Ole Gunnar Solskjaer knew what he was getting when he signed Edinson Cavani last summer.
The Manchester United manager had done his research and former Old Trafford luminaries Ander Herrera and Diego Forlan were among those consulted on Cavani’s character.
Both praised his “attitude and personality” and when Solskjaer spoke to Cavani it was clear the hunger was still there. This was no bucket list move to the Premier League, Cavani felt he still had something to offer and trophies to win.
His performances have backed that up. There have been seven goals so far from an xG of 5.3, highlighting the ruthless finishing that rarely deserts a goalscorer as accomplished as Cavani. United certainly missed him against Newcastle on Sunday night.
But with around three months to run on this season United are yet to trigger the one-year extension in the contract he signed in October when to all intents and purposes it looks like a formality.
The message from Solskjaer last week is that the two parties would sit down at the end of the season to discuss what comes next. This will be a decision made between club and Cavani, rather than imposed by United on the player.
Yet it should remain a fait accompli. As Solskjaer said, “what he’s done has been very positive.”
You could also understand the decision to hang fire for now. Cavani has missed the last two games through injury and having turned 34 earlier this month he’s at an age when a footballer’s gifts can quickly desert them, both technically and physically.
There’s been no sign of that in Cavani, but that doesn’t mean to say it might creep into his game. He will turn 35 during next season and a one-year extension is the maximum that should be on the table.
Rather than slowing down, Cavani is outworking his rival to lead the line for United. Anthony Martial might be nine years younger than Cavani but the Uruguayan attempts six more presses per 90 minutes this season and against Newcastle Solskjaer was on the edge of his technical area demanding movement from Martial. That’s something that comes naturally to Cavani, whose movement is one of his greatest strengths.
It’s the form of Martial that really gives United little option when it comes to Cavani. Having been excellent as a No. 9 last season, especially post-lockdown, he’s regressed this season. Like Cavani he has seven goals in all competitions but while Cavani is producing 0.49 goals per 90 minutes, Martial is down at 0.30.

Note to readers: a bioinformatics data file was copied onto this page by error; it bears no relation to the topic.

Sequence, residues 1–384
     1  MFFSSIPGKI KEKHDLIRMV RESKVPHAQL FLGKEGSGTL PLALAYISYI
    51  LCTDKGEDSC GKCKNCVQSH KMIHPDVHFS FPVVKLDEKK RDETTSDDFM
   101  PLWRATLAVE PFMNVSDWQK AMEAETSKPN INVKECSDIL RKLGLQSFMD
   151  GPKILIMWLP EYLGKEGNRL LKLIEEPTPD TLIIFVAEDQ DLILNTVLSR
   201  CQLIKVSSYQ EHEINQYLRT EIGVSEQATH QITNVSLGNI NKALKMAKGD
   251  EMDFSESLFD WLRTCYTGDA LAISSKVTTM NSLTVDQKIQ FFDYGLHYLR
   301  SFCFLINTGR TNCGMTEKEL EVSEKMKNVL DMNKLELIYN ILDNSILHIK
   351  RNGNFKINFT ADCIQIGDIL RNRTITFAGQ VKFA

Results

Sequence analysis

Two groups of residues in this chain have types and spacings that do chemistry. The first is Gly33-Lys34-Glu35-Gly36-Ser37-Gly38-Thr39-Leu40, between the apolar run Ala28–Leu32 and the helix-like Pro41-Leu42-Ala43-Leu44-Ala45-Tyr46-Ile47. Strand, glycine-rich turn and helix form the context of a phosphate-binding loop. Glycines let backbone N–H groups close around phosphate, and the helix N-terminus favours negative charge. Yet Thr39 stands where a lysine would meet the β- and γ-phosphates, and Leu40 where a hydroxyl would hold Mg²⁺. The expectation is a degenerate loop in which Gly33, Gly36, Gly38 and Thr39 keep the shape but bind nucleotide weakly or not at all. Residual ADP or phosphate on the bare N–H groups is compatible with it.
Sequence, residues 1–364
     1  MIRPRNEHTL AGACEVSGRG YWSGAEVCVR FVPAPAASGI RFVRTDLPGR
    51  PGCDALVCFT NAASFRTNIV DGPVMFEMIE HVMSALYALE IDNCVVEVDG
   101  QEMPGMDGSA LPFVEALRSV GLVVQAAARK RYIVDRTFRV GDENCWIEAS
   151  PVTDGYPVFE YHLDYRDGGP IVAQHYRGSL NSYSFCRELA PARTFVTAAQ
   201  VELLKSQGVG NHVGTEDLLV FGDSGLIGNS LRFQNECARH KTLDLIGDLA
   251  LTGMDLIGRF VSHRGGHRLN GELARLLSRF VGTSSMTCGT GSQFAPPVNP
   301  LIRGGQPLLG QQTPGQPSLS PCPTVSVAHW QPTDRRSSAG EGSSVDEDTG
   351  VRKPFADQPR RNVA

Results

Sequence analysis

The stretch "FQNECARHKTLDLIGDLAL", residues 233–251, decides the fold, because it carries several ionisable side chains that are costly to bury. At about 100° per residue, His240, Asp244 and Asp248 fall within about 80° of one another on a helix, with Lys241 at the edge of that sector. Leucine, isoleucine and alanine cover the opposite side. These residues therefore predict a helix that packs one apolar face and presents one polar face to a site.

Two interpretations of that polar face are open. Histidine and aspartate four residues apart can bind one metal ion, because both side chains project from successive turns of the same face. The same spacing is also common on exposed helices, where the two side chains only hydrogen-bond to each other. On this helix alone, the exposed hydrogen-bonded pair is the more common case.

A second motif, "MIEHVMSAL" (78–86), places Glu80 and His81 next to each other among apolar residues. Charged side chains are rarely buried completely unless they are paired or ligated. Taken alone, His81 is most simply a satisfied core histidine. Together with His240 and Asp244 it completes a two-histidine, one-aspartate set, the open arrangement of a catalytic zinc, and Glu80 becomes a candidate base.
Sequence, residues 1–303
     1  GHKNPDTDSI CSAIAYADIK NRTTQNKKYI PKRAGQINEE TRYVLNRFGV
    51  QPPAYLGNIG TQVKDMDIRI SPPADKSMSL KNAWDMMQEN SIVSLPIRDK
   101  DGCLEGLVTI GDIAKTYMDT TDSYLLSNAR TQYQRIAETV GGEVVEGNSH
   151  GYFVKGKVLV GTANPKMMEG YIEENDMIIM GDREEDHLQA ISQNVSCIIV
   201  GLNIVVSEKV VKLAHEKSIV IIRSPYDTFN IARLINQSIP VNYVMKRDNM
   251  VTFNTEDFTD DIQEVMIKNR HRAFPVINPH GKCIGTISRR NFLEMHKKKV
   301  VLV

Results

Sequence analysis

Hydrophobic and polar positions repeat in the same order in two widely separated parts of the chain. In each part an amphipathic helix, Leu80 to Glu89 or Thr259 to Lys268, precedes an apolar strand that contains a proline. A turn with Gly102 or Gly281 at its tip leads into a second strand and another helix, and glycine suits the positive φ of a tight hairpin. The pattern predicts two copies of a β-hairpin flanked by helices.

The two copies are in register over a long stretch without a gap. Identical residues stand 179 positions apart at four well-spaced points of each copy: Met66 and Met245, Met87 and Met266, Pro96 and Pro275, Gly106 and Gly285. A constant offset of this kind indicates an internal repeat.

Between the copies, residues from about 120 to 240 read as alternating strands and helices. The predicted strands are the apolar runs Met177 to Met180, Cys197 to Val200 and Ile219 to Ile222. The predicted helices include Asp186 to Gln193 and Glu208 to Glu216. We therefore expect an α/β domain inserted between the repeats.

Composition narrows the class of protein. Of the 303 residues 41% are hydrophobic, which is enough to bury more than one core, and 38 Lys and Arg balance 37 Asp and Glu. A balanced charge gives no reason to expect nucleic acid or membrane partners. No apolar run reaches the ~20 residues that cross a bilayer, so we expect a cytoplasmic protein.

In June and July there was a sense that Martial, Marcus Rashford and Mason Greenwood were emerging as a thrilling front three for United and the goals were flowing, but it’s not been as easy this term. When signing Cavani Solskjaer highlighted how his forwards could learn from one of Europe’s pre-eminent No. 9s, but so far Martial looks to have shrunk in the face of competition for his place rather than embraced the challenge.
To jettison Cavani now and go into next season with Martial as the senior striker would be a significant risk, unless the Frenchman somehow recaptures his best form between now and May.
There’s no doubt United need a long-term solution at centre forward, but that is something that will not come cheap. With matchday revenues looking like they will be non-existent throughout the entirety of this season there isn’t going to be a sizeable transfer kitty this summer, when United may be looking at their options at centre back and on the right-wing.
That would make giving Cavani another year a sensible choice, even it comes with a risk that he begins to find the years catching up with him at some point.
United can then focus on signing a striker in the summer of 2022. The alternative is a show of faith in Martial, but right now that doesn’t look justified.